City doctors in Jaipur have noted a trend of dengue fever cases being reported during the summer months. Does could point towards a genetic change in the dengue virus?
Dengue fever cases typically reach peak levels during and after the monsoon season, as the cooler and wetter conditions present Ideal conditions for the virus’s mosquito hosts to thrive. However, doctors are noting that unusually high numbers of dengue fever cases have been reported across May and into June.
“It is quite unusual that dengue cases are reported in the hospital in May and June,” said Dr CL Nawal, senior professor and head of the department of medicine at SMS Hospital. “There must be some change in strain of dengue virus since it is unusual to report such cases even in summers.”
The possibility of the virus mutating to a different serotype (strain of virus) is a potential explanation for the unusually high number of cases this year. However, there are alternative answers.
The spread of the virus is entirely dependent on its host – the Aedes aegypti or yellow fever mosquito. These mosquitoes favour humid conditions with ample areas of stagnant water for in order to breed. It is for this reason that cases rise in the later months of the year after significant rainfall. However, if enough stagnant water is found within a city, a breeding population may still exist.
The claim stems from a comparison to the corresponding period last year, where there were less than 80 cases of dengue reported between January and May. This year, at least 225 patients have already been admitted to the SMS Hospital for treatment of dengue.
“Jumping to the conclusion of a new strain…seems drastic”
These figures, though technically nearly triple those seen the year before, are still within reasonable variation levels. Cases at this time of year are not entirely unheard of. Jumping to the conclusion of a new strain, therefore, seems drastic.
Such a figure could be explained by a breeding population of mosquitoes being present in a built-up area due to, for example, stagnant water in an artificial container. Worth noting is that, as temperatures rise, the “extrinsic incubation period” — or the period after which the virus can infect a person from the mosquito host — is shorter. This implies that any infected mosquitoes present in the current hot weather conditions have a greater chance of passing on the virus to humans.
Likewise, any unseasonal rain could also cause such a rise in disease figures. A host of factors such as these can play a role in small scale outbreaks. Dr Nawal notes no changes in mortality rate for the “new strain”. This further indicates that the outbreak is simply the same strain of virus occurring at a higher rate due to environmental factors
Elsewhere in the country figures have remained similar to last year. Odisha recently reported an earlier than expected first death of the year resulting from dengue. The patient was identified as Pratima Sahu, 48, of BDA Colony in Bhubaneswar.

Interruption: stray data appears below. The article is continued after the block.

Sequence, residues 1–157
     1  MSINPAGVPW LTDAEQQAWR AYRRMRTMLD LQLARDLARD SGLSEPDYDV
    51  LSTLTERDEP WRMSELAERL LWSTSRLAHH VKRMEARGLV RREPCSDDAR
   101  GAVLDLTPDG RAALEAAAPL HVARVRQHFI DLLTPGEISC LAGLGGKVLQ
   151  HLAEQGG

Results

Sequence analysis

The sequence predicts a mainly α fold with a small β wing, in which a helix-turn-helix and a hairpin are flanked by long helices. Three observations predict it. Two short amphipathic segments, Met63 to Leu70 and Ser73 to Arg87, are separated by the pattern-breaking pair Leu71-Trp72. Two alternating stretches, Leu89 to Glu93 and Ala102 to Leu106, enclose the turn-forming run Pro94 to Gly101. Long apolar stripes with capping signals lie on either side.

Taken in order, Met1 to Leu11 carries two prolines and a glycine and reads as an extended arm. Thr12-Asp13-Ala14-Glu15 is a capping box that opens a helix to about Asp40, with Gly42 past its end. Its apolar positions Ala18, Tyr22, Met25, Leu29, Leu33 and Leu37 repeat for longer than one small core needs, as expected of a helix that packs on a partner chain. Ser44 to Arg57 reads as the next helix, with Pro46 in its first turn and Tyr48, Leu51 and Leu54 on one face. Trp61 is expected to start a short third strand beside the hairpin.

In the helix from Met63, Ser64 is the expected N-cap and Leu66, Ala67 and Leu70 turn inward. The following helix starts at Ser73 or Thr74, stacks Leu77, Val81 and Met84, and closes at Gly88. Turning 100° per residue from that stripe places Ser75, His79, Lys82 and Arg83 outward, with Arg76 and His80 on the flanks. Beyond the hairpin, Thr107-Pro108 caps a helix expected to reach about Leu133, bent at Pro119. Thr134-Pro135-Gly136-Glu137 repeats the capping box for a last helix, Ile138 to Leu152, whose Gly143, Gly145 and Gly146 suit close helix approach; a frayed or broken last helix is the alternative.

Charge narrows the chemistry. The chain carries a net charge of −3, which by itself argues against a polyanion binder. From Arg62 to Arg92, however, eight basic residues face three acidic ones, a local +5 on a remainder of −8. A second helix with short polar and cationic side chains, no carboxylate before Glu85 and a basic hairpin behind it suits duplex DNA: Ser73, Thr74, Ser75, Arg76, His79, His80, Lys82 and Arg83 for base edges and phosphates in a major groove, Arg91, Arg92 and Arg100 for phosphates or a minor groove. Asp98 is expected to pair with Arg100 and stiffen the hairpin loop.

This news has sparked a localised panic though can be explained away when looking at Sahu’s medical record. Sahu was identified as being diabetic and under treatment for hypertension. Doctors suggest that the dengue infection worsened her condition, resulting in her death.
Last year’s first dengue death in Odisha was reported on August 9 from SCB medical college hospital at Cuttack. This earlier first death is likely just due to comorbidity. Further dampening fears, figures for this year’s dengue cases are similar to last year, with 48 reported cases this year compared to 45 last year to the same date.
“By limiting the effects of climate change, millions of dengue fever cases could be prevented”
Recent studies suggest changing climates also play a role in dengue fever distribution.
The theory states that as temperatures rise, more and more areas of the globe become potential breeding areas for mosquito populations. In turn, this puts populations at risk that would previously not be exposed to mosquitoes, leaving them prone to diseases such as malaria and dengue fever.
According to research conducted at the University of East Anglia, limiting global warming to 1.5 degree Celsius could avoid around 3.3 million cases of dengue fever per year in Latin America and the Caribbean alone. Alternatively a global warming trajectory of 3.7 degree Celsius could lead to an increase of up to 7.5 million additional cases per year by the middle of this century.
The increase in dengue fever cases in Jaipur is likely due to environmental conditions. Despite doctors claiming a change in the virus, a health department official denied that they have sent samples to National Institute of Virology for its confirmation.
It is accepted that dengue cases are being reported in higher numbers outside of normal seasonal cases. However, without genetic testing the claims of a new strain will continue to be unproven.